Choosing the right baby compote

Choosing the right baby compote

When diversifying your diet, compote is a safe bet for introducing your baby to fruit. But often, parents wonder which compote to choose given the wide choice offered on supermarket shelves. Should you buy a special baby compote? What information should you pay attention to? What are the tips for a good homemade compote? A pediatrician takes stock of this subject.

From 4 months, you can start giving compotes to your baby, in agreement with your pediatrician as part of dietary diversification during snack time or for dessert. But it’s not easy to make the right choice, if you opt for ready-made compotes, from the supermarket or organic store.

A compote without added sugars: the essential mention

The first reflex when purchasing in a supermarket or specialized store is to ensure that there is the words “no added sugars”. Ideally, also check the absence of additives in the ingredients.

And good news, these food products can be found in the compote section. No need to go specifically to the baby section.

Compotes without added sugars and without any additives can in fact be given to a baby even if they are not products qualified as “suitable for the diet of children under 3 years of age”confirms Sandra Brancato, pediatrician, before adding, “only the texture will perhaps be less smooth and sometimes with small pieces, which may not be suitable for the little ones when starting to diversify their diet.”.

Obviously, a compote does not contain milk, otherwise it is a dairy preparation or dessert. And no vegetables either, because otherwise we’re talking about puree.

Classic, organic, for babies… explanations on the different compotes

It’s not easy to fully understand the differences between these products, often popular for dessert. Our expert enlightens us.

What is the difference between a classic compote and a baby compote?

According to our expert, “Products qualified as “suitable for feeding children under 3 years of age” also guarantee mandatory quality controls: no pesticides, nitrate control, prohibited dyes, prohibited sweeteners. So in this case it is better to opt for a “special baby” compote, if you do not want to buy a classic organic compote.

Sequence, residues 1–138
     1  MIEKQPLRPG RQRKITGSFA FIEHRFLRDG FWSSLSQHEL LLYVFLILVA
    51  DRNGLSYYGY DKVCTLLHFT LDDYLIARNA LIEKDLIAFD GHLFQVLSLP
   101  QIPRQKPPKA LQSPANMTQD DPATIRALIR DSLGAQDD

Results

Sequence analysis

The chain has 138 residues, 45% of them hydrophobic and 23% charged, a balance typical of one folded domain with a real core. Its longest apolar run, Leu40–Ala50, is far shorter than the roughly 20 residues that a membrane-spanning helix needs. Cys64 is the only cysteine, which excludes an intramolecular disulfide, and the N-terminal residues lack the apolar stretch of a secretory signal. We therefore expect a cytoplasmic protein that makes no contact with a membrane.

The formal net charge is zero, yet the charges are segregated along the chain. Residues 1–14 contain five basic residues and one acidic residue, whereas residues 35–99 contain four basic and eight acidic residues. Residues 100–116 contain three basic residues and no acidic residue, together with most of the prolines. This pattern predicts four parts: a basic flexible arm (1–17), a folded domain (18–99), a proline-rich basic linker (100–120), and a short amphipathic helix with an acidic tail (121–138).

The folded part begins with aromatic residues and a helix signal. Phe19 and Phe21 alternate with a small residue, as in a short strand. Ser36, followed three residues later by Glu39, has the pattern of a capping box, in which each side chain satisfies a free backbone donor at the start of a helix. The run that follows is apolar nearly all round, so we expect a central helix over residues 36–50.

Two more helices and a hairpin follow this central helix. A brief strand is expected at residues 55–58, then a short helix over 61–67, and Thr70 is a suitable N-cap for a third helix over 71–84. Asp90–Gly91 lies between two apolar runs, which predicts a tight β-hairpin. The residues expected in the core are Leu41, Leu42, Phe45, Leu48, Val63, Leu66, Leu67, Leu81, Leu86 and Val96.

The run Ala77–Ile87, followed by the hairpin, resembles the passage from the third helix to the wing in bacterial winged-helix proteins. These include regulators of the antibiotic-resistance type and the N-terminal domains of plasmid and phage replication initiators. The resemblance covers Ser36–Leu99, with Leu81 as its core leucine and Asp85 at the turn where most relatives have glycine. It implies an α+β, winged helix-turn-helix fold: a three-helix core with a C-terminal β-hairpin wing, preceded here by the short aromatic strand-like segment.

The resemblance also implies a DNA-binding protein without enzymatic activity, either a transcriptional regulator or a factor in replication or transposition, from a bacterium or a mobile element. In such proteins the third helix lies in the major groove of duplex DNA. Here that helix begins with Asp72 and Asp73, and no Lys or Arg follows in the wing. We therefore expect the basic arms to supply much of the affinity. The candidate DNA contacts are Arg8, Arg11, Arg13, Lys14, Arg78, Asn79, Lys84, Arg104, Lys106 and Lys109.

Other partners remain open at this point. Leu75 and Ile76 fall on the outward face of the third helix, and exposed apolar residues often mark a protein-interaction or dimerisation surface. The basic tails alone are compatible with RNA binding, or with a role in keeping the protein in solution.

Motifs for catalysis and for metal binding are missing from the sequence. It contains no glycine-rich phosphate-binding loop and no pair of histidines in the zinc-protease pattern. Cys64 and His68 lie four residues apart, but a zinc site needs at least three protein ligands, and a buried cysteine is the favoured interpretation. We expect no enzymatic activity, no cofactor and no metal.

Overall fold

And between an organic compote and a baby-branded compote, which one should you choose?

A question that often comes up among young parents. According to Sandra Brancato, “if it is a “baby product” compote, the very strict controls on pesticides make it an “almost” organic product”.
If you have more confidence in organic products, buy your organic compotes in the compote section and not in the baby section.. In fact, the cost per kg could double or even triple compared to a “classic” organic compote.

Please note that “classic” compotes made from apples from conventional agriculture undergo numerous phytosanitary treatments.

Compote, fruit puree, fruit desserts, low sugar… pay attention to the names!

There may be different names which may mislead you. Most often, you will not see the name “compote”. Explanation: lcompote corresponds to crushed fruit to which sugar has been added (the final product then contains 24 g of sugar/100g). However, today, the vast majority of brands have decided to offer mixed fruits “without added sugar”, written in large letters on the packaging.. What is actually the definition of fruit puree : crushed fruits which contain only the natural sugar of the fruits.

Besides this, there is the words “low sugar compote”, so understand that the sugar level is 30% lower than the compote standard (around 16g of sugar/100g). However, there is definitely added sugar.

As for fruit desserts, be careful, read the labels carefully. Some contain added sugar and some do not…

If necessary, use applications such as Yuka to check if the chosen compote has received a good rating or to discover the ratings of other equivalent products.

The origin of the fruit

If it does not say French apples or Europe, it is therefore a blend of apples from the European Union, or even further afield. Some brands do not specify the exact origin. It’s up to you to judge whether this is an important criterion for you or not.

Apple, peach, pear, apricot… which flavor of compote should you start with?